Skills for the future

Skills are key

The COVID-19 pandemic has caused large-scale disruption to Australian businesses, workplaces and jobs. Even as the Australian economy recovers, we are likely to see more workforce transitions due to increased digitisation, technological adoption and ongoing structural changes.

In these times of global uncertainty and change, skills are key. The Australian Government, through the NSC, is providing a range of job matching tools and resources to help young people and existing workers skill and reskill themselves for jobs and careers that are in demand. More information can be found at yourcareer.gov.au

What types of skills will be in demand?

When applying for jobs, remember to emphasise your employability skills, rather than just the technical skills you may have. Communication, reliability, team work, patience, resilience and initiative are required for all jobs, and this will continue to be the case in the future. These skills are also highly valued by employers. A 2019 survey conducted by the NSC asked employers about the importance of these sorts of skills. Some 75% of employers considered employability skills to be as important, if not more important, than technical skills.

We also know that it is important to have the skills that will help you work with technology. Almost all jobs will require the use of at least one technology tool. A technology tool is software that enables a person to perform tasks related to an occupation. We use technology tools to perform many tasks in our daily lives including using the internet, sending emails, texts or instant messages, and connecting remotely with video conferencing.

For example, the most used technology tools for a Truck Driver are shown in the illustration. Even though the primary task is driving a truck, technology tools support drivers to perform other tasks, such as managing inventory and route planning, more efficiently and effectively.

Technology tools used by Truck Drivers

  • Inventory management software
  • Data base user interface and query software
  • Industrial control software
  • Materials requirements planning logistics and supply chain software
  • Office suite software
  • Route navigation software
  • Spreadsheet software

Source: National Skills Commission analysis

Can skills gained in one job be transferable to another job?

Many jobs have similar skill sets. If you are looking for work or facing a change of job, the good news is that you’re likely to have many transferable skills. Identifying your transferable skills can open up a broader range of job opportunities—see diagram below.

For further information on the skills employers will need into the future, please visit the Your Career website. This website provides clear and simply career information and is designed to help people of all ages and circumstances better plan and manage their career. It has resources on training options, information and services to support career development.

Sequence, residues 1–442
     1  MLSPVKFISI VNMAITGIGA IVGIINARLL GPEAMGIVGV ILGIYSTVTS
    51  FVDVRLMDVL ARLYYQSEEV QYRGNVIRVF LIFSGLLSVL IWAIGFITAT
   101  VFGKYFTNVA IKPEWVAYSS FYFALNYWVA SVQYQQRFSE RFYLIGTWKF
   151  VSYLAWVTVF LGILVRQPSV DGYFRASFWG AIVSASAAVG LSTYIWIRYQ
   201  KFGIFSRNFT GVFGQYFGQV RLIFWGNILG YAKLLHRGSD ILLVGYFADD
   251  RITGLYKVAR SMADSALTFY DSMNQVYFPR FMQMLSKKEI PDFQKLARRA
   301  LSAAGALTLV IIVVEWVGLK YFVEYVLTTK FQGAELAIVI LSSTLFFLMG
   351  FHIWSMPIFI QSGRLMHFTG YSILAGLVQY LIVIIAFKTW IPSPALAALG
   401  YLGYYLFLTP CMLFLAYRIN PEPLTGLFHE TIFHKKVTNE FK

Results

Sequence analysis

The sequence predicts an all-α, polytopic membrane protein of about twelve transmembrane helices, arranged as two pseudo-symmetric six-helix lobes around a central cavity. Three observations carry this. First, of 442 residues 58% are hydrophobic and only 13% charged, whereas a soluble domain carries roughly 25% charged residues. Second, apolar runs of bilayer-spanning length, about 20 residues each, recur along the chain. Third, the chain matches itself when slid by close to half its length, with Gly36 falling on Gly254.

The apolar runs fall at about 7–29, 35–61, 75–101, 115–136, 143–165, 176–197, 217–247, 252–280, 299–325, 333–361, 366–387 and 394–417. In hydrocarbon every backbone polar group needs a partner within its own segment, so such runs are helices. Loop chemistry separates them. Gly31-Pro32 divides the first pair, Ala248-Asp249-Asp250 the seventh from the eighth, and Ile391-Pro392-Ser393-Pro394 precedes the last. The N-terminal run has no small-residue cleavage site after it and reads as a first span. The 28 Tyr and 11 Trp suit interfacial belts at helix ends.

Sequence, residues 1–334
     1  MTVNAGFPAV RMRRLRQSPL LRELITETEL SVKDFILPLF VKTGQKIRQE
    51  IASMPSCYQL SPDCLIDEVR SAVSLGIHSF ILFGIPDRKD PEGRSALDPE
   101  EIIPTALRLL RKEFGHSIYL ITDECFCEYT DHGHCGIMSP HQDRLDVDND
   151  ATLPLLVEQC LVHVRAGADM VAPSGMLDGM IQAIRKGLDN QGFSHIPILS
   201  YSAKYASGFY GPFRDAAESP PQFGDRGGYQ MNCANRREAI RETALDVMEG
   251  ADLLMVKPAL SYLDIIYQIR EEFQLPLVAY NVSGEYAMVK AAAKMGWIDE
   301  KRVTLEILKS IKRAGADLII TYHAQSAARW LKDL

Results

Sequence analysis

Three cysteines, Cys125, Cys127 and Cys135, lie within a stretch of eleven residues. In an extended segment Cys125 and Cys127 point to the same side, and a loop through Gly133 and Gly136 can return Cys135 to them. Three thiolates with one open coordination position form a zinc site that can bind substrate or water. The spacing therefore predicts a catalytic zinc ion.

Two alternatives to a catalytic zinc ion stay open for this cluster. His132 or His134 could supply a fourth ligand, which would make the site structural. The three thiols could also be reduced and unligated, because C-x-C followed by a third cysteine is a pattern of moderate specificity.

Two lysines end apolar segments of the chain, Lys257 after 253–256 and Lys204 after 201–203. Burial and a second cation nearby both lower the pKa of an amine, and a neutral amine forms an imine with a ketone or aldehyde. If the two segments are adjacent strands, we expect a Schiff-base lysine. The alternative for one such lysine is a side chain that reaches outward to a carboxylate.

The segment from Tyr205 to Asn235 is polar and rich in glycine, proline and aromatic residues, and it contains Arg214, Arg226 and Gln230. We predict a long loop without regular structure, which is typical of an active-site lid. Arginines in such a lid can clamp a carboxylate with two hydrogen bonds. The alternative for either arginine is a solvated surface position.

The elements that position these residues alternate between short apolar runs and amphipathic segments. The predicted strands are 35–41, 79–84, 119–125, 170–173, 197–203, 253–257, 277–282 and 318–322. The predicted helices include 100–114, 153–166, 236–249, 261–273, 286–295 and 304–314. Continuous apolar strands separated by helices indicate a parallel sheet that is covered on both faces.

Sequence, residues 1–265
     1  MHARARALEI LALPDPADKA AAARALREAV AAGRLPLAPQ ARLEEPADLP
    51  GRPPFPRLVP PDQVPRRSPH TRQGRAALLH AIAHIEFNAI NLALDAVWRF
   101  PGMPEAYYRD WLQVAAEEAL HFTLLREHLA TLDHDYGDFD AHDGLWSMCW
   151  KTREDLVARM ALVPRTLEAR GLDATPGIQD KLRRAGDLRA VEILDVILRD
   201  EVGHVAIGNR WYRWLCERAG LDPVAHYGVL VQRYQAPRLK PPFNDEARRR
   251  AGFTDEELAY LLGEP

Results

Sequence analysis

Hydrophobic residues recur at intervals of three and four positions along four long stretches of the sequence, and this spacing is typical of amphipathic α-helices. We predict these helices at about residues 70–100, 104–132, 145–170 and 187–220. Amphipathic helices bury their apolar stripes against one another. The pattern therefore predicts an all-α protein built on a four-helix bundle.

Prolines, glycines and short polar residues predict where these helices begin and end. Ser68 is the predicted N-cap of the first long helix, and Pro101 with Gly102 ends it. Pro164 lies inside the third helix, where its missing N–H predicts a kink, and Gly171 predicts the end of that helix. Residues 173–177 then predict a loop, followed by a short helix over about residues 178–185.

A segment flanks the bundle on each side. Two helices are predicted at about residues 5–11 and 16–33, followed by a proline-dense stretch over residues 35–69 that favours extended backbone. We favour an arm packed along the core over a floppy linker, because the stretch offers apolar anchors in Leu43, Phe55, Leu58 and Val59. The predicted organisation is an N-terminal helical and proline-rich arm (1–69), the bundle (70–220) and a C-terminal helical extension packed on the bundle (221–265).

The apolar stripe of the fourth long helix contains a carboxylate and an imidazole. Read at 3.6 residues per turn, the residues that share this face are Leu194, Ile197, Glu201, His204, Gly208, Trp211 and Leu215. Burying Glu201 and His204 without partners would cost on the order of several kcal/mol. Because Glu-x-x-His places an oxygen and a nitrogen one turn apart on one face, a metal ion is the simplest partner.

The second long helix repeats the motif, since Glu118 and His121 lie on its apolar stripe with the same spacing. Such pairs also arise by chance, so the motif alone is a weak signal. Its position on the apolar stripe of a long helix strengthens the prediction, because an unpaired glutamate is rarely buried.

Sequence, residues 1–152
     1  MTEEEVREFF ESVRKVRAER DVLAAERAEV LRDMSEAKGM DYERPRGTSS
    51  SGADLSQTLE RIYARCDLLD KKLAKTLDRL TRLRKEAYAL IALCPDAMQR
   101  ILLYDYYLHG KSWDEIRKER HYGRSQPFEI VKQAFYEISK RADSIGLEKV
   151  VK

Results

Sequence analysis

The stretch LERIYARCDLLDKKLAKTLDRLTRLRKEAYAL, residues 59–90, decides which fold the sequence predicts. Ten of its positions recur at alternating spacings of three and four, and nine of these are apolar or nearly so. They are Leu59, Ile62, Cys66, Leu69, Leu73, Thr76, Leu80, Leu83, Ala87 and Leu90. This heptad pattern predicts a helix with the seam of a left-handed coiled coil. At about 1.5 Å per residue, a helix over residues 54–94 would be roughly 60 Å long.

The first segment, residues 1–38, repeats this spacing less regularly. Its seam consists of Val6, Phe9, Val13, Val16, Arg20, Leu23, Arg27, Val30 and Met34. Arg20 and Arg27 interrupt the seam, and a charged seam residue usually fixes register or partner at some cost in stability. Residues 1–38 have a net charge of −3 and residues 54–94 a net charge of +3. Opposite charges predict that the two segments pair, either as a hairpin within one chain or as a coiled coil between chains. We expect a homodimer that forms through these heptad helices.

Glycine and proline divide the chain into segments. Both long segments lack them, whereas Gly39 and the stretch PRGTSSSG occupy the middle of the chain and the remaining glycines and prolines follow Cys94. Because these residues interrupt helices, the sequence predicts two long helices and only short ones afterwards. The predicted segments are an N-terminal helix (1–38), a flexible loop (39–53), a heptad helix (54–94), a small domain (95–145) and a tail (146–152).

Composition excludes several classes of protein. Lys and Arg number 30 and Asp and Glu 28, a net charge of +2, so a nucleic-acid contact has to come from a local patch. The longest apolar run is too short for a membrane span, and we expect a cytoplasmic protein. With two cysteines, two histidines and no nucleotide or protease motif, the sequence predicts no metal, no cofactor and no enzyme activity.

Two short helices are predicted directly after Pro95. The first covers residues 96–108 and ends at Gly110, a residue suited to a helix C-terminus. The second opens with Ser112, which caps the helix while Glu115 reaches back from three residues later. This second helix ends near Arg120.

Jobs with similar skills

Retail Assistants

  • Motor Vehicle and Caravan Salespersons,
  • Customer Service Managers,
  • Call Centre Operators

Café Workers

  • Baristas, Waiters,
  • Bar Attendants,
  • Kitchenhands,
  • Cashiers

General Clerks

  • Receptionists,
  • Admission Clerks,
  • Data Entry Operators,
  • Transport and Despatch Clerks

Builder's Labourers

  • Excavator Operators,
  • Wall and Floor Tilers,
  • Railway Track Workers,
  • Freight and Furniture Handlers

Machine Operators

  • Painting Trades Workers,
  • Furniture Finishers,
  • Panelbeaters

Source: National Skills Commission analysis

What new opportunities might be created by technological change?

The COVID-19 pandemic may speed up workforce transitions already underway due to technological change. Some businesses could move their business online and adopt new ways of working.

In order to provide up-to-date and accurate information about these new opportunities, the NSC has undertaken work to identify the occupations that have emerged from this period of transition. Examples include Social Media Specialists and Wind Turbine Technicians. See here for more information on these emerging occupations.

As the Australian economy recovers, the jobs created may not be the same as those that were lost. Technological change may also change some jobs and their skills requirements. For example, school teachers are engaging with online learning and using technology to apply multiple teaching methods in class.

While some workforce disruptions have been challenging, technology is creating new opportunities. For example, there may be more opportunities to enjoy a regional lifestyle while working remotely. In turn, regional population growth could create more local job opportunities, strengthening those communities and economies.

Will training and qualifications be necessary?

There are many pathways to work, and it is important to make decisions based on your own strengths. In a competitive labour market, training and qualifications matter. It also helps to understand the skills you acquire through your education, training and work experience.

You can use the Government’s resources like Jobs Hub and Skills Match to identify your transferable skills and address skills gaps. These resources also identify local labour market trends and opportunities—so you know your training and qualifications will lead to ongoing work.

Skills development and lifelong learning will expand your opportunities as some jobs change, new jobs emerge, and technological progress continues.